sachets; it would not involve opening of these sachets. To my mind (and contrary to the
ponencia's position), the marking of the other sachets would ensure all the more the
preservation of the integrity and evidentiary value of the seized specimen.
Notably, SPO2 Ragadio testi ed that he and NUP Bilugot wrote their respective
initials (i.e., "RBR" and "FSB") on the two sachets. Police Inspector Abraham B. Tecson,
however, stated that he received from Police Chief Inspector Roseller Fabian two
plastic sachets marked with "FSB," "RDR," and "RSA." It was not clear who owned the
initials RDR and RSA.
The ponencia's narration of facts also stated that three investigators from the
PDEA placed their initials on the two plastic sachets. If SPO2 Ragadio and NUP Bilugot
placed their initials on the two sachets before the PDEA investigators placed theirs,
then there should have been 5 initials on the sachets. We reiterate that P/Insp. Fabian
testified that the sachets bore only the initials "FSB," "RDR" and "RSA."
As a result of the lapses and/or irregularities that attended the marking
procedure, we cannot agree with the ponencia's view that Cristy's guilt of the crime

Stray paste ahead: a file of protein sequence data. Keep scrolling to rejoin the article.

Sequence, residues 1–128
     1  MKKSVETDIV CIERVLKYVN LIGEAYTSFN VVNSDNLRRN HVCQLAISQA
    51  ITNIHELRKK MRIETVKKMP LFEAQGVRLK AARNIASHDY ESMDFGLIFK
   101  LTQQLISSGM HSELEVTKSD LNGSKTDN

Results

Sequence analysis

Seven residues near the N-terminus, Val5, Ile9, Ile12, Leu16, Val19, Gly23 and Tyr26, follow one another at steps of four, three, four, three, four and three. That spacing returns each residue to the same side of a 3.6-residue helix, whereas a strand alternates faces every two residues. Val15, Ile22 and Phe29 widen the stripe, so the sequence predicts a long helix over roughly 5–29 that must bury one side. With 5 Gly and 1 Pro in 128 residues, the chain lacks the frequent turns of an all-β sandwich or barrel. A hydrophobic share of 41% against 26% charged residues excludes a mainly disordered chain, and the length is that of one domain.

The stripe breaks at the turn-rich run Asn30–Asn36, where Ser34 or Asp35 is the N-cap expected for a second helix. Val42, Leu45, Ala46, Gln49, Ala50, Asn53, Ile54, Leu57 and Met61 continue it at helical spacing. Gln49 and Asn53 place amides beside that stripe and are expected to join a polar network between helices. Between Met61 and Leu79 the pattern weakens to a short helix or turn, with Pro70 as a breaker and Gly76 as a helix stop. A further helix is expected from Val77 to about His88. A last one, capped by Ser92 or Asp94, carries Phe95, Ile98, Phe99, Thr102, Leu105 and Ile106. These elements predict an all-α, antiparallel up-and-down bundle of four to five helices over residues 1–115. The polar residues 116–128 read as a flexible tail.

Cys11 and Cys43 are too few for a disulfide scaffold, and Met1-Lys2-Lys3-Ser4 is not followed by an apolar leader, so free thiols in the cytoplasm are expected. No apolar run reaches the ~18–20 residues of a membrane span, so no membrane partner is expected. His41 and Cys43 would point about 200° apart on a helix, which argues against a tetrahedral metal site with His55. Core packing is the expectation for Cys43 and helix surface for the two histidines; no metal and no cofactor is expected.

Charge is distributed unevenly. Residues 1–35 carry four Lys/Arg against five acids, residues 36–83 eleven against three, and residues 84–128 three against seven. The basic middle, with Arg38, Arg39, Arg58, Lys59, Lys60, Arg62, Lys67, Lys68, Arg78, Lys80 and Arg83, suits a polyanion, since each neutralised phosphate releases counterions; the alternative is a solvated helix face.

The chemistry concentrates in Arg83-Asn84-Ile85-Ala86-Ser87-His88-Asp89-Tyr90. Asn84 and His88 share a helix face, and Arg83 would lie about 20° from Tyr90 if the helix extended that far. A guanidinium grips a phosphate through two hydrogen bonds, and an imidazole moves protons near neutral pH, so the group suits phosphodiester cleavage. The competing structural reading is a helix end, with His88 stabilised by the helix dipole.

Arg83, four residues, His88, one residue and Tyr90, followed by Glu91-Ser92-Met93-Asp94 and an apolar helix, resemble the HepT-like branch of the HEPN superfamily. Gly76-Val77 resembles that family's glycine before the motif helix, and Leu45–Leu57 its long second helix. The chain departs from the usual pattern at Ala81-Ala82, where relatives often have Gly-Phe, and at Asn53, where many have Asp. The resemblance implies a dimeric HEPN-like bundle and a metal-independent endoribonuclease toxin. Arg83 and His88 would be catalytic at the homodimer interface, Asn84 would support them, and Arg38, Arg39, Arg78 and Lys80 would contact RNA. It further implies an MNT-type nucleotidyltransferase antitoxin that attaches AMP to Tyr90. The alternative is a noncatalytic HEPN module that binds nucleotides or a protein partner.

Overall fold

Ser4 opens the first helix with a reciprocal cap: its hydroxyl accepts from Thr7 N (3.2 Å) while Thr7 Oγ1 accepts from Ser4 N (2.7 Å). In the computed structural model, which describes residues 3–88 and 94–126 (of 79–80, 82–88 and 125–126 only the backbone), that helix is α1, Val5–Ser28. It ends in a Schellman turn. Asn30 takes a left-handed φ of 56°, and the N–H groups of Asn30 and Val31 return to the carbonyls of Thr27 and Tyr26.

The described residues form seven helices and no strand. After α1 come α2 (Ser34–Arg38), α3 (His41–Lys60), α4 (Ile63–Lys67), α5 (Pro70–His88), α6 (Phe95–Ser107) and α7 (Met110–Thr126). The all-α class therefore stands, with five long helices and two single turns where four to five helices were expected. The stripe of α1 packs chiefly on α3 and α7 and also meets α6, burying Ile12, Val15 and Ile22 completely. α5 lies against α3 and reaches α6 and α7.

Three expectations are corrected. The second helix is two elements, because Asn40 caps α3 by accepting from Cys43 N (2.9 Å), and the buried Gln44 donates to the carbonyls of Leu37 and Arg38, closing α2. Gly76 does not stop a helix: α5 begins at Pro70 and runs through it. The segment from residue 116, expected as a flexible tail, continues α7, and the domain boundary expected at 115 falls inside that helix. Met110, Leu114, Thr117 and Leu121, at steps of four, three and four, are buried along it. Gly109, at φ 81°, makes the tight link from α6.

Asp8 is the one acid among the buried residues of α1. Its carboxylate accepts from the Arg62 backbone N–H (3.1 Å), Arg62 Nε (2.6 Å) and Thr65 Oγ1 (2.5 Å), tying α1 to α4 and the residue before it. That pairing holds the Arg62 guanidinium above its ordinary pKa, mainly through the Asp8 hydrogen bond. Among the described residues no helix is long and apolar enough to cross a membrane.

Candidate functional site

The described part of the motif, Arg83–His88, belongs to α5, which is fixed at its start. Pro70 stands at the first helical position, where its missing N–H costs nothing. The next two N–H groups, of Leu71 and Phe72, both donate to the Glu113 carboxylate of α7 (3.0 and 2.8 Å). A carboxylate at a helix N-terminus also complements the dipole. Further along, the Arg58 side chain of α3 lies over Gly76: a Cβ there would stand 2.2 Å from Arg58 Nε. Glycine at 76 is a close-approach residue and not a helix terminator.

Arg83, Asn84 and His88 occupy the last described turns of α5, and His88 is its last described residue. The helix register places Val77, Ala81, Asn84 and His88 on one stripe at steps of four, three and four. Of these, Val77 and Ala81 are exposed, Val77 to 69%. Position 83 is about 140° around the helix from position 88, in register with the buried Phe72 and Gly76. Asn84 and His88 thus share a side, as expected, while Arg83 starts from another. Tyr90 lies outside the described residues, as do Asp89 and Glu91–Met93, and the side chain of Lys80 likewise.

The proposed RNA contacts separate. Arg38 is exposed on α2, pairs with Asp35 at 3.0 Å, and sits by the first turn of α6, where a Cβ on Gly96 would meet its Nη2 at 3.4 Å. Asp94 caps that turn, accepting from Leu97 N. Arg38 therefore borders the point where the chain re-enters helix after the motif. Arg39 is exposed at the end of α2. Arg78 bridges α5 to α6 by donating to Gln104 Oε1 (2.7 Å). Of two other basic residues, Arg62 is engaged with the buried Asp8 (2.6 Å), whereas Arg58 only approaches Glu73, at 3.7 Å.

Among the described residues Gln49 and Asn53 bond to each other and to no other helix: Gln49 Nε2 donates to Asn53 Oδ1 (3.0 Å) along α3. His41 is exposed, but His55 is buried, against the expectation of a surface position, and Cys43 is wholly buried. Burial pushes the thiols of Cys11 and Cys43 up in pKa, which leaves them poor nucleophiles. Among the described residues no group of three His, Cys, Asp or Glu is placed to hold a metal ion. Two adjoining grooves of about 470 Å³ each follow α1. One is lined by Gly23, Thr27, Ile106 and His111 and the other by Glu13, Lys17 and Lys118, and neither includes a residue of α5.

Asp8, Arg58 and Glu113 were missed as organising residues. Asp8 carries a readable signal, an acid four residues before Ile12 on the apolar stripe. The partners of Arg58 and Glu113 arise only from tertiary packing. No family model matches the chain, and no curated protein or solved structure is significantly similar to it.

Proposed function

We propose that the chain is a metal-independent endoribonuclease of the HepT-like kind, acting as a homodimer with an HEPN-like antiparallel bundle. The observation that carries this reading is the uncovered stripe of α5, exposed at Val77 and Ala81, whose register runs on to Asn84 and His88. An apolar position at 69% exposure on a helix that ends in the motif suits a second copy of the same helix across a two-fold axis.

charged had been proven with moral certainty. Simply put, the prosecution failed to
establish that the seven sachets were the same sachets confiscated from her. DHITCc

The presumption of regularity in the performance of of cial duty applies only


when there is no deviation from the regular performance of duty. 12 The regular
performance as to the initial contact with the dangerous drug is outlined in the rst
paragraph of Section 21 of R.A. No. 9165:
(1) The apprehending team having initial custody and control of the drugs
shall, immediately after seizure and con scation, physically inventory and
photograph the same in the presence of the accused or the person/s from
whom such items were confiscated and/or seized, or his/her representative
or counsel, a representative from the media and the Department of Justice
(DOJ), and any elected public of cial who shall be required to sign the